“Okay, just gotta not touch the middle tail,” Anya muttered as she reached for the pangolin. It took an awkward step away from her, then curled up into a tight ball of hard scales. Anya decided that was far better than it trying to run, and grunted as she curled her arms around it and hoisted it up. It wasn’t as heavy as she feared, but it was awkward as hell to carry while avoiding part of its tail.

She turned back toward the door with another grunt and then froze when somebody in the crowd asked, “Where’s that one going?”

“Which one?” Frank asked and turned before Tori could get his attention. “Oh!”

Anya froze, her back to Frank, one foot inside the staff room. Her first instinct was to bolt and lock the door behind her. But Frank and the people in the crowd would cause an uproar if she did.

“The doc says she wanted to see this one, said it wasn’t eating as much and losing weight,” Anya called over her shoulder. From his position, Frank couldn’t see her lack of nametag or Riverbanks Zoo patch. He still wasn’t going to mistake her for a regular staff member though, so she added, “Heck of a thing to have to deal with on my first day. Little guy’s heavier than he looks.”

“Oh, huh,” Frank said and Anya glanced over her shoulder at Frank and smiled as sweat started to bead her forehead. Tori stared at her wide-eyed, mouth pulled down in a tight bow as if watching a train-wreck in slow motion.

Frank shrugged and asked, “You know about filling the form out, right?”

“Y-yeah,” Anya replied and recalled the clipboard hanging from the nail. “By the door, right?”

“You got it!” Frank said and nodded. Anya hurried inside the tiny room and kicked the door shut behind her.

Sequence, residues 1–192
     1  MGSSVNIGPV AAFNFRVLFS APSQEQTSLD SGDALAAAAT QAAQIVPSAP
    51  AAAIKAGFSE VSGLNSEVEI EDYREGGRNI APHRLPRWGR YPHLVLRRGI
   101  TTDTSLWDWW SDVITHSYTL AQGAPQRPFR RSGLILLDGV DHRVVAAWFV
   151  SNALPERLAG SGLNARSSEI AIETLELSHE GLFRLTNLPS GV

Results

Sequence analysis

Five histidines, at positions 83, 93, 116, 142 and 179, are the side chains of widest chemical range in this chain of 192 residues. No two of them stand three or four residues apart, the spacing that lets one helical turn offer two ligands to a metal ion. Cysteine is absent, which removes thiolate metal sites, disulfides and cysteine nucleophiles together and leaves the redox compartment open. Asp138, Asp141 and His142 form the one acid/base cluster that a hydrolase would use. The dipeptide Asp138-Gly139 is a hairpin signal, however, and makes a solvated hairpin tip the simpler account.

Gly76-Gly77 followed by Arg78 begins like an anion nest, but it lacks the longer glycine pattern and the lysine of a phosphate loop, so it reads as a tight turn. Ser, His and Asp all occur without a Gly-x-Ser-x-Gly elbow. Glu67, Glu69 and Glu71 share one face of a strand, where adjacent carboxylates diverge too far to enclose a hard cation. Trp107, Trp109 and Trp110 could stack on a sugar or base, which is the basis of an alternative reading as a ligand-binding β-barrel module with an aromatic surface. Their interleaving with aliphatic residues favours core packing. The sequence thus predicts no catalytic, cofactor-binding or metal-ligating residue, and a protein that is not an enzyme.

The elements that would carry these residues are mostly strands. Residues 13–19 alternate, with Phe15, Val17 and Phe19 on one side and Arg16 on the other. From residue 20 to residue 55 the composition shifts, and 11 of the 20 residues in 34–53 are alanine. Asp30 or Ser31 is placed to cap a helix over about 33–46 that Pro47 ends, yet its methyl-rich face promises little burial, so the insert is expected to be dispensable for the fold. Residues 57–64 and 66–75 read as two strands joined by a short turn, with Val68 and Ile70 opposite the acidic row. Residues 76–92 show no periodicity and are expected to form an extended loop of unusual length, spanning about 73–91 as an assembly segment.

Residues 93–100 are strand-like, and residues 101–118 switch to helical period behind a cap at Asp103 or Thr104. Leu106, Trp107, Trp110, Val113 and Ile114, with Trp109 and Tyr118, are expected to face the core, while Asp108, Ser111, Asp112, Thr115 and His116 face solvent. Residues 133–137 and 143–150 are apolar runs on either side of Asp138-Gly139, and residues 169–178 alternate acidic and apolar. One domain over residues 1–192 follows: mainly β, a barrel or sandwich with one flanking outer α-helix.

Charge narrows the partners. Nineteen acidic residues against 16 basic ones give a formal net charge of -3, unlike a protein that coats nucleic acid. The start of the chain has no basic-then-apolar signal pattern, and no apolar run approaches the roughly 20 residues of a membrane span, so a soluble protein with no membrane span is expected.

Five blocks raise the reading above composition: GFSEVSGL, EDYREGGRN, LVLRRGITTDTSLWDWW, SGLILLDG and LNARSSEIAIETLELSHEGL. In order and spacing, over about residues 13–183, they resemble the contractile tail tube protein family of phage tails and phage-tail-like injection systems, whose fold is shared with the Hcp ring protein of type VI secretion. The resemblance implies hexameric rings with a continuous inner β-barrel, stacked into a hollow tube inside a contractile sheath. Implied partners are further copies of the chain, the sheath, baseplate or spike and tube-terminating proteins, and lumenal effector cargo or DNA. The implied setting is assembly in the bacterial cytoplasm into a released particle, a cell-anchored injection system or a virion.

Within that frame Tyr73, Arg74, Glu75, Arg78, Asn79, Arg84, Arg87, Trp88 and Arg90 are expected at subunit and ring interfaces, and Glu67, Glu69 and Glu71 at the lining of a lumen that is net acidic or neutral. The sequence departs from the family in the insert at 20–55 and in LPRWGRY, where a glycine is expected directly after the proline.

Anya put the terrified pangolin in one of the cages, made sure it was secure on the wheeled platform, then covered it with a blanket from the shelves. She wheeled the platform and cage back outside onto the major walkway and hurried away at what she hoped was a discrete pace. She stayed as far away from the edges of the pangolin enclosure to avoid Frank, and texted Tori to meet her at the V-187.

Her friend didn’t respond, but emerged from around a corner with a panicked look on her face. Anya’s stomach dipped.

“Go!” Tori hissed and fell into step beside Anya.

“What?” Anya said. “What’s going on?”

“He radioed the zoo’s doctor like, a minute after you left,” Tori said. Anya was speed walking, but Tori had to practically run to keep up with her long stride.

“Aw, shit,” Anya said. She pulled over to the side of the walkway and crouched beside the cage.

“What’re you doing?” Tori asked. “We gotta go!”

“Yeah, which is why I’m doing this now,” Anya opened the cage and took the pangolin out. It was still curled up into a ball and offered no resistance, even when Anya wrapped the blanket around it. “This cage is gonna be a pain in the ass to get into the V-187, so I’m just gonna leave it.”